|1.||to attribute or ascribe (something dishonest or dishonourable, esp a criminal offence) to a person|
|2.||to attribute to a source or cause: I impute your success to nepotism|
|3.||commerce to give (a notional value) to goods or services when the real value is unknown|
|[C14: from Latin imputāre, from |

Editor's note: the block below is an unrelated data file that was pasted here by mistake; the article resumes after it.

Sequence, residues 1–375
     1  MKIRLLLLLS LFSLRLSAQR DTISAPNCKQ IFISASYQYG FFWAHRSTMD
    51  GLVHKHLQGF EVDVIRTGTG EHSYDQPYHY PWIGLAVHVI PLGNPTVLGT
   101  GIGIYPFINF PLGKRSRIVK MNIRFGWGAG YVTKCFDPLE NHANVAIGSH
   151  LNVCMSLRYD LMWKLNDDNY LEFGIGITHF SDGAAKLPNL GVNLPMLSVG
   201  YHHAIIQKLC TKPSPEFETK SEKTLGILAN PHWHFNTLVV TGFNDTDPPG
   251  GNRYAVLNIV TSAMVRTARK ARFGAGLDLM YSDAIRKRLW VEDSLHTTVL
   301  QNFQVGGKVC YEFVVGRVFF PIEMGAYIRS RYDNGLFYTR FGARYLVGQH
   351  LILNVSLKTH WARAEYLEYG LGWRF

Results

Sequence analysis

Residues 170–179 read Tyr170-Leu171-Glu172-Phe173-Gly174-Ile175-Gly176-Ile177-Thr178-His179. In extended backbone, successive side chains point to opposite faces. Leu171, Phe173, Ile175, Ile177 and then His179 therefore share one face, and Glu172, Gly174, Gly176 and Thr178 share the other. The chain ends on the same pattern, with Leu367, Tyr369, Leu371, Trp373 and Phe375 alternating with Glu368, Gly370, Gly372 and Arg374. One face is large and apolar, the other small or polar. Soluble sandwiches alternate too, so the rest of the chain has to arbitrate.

is used to designate any action or word or thing as reckoned to a person. Thus in doctrinal language (1) the sin of Adam is imputed to all his descendants, i.e., it is reckoned as theirs, and they are dealt with therefore as guilty; (2) the righteousness of Christ is imputed to them that believe in him, or so attributed to them as to be considered their own; and (3) our sins are imputed to Christ, i.e., he assumed our "law-place," undertook to answer the demands of justice for our sins. In all these cases the nature of imputation is the same (Rom. 5:12-19; comp. Philemon 1:18, 19).